Identification and functional characterization of novel genes for myopathies

Skeletal muscle represent half of the dried body weight and is key for many physiological functions including metabolism and movement. A plethora of muscle diseases are known, including severe congenital myopathies associated to life-threatening muscle weakness. Main bottlenecks are that half of patients lack a genetic diagnosis, the pathological mechanisms are not understood, and there is no specific cure for most of them. Thus we aim to identify novel myopathy genes that will represent novel therapeutic targets.

To this goal, the PhD student will use next generation sequencing strategies, exome and genome sequencing of patients DNA, and RNAseq/transcriptome from patient muscles, and process these big datasets through bioinformatics pipelines to identify mutated genes in patients with myopathies.

The functional impact of mutations will be confirmed by in vitro assays with recombinant proteins and transfected and differentiated muscle cells followed by confocal and video microscopies. The importance of these new myopathy genes for muscle function will be evaluated in vivo in an animal model (zebrafish or mice depending on the gene conservation) with CRISPR/Cas9 genome editing, RNA interference and adeno-associated virus. Animals will be phenotyped with simple motor tests, histology, electron microscopy and confocal imaging. This will also provide faithful laboratory models in which therapies may be later tested.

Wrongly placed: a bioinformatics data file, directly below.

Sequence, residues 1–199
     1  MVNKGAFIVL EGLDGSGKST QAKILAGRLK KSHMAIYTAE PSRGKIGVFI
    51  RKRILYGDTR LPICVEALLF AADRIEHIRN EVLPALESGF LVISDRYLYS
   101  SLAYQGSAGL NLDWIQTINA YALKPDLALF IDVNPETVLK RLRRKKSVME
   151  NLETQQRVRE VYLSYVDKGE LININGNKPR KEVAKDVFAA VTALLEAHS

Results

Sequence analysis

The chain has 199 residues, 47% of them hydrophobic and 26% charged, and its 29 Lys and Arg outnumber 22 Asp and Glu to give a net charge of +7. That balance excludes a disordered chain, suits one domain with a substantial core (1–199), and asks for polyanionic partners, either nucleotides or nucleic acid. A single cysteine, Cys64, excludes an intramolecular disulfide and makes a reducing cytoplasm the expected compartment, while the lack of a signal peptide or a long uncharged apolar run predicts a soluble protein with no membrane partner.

The success of this project will lead to a better diagnosis and patient care, and the identified genes will increase our understanding of the pathomechanisms and represent novel therapeutic targets

Equipe Jocelyn Laporte

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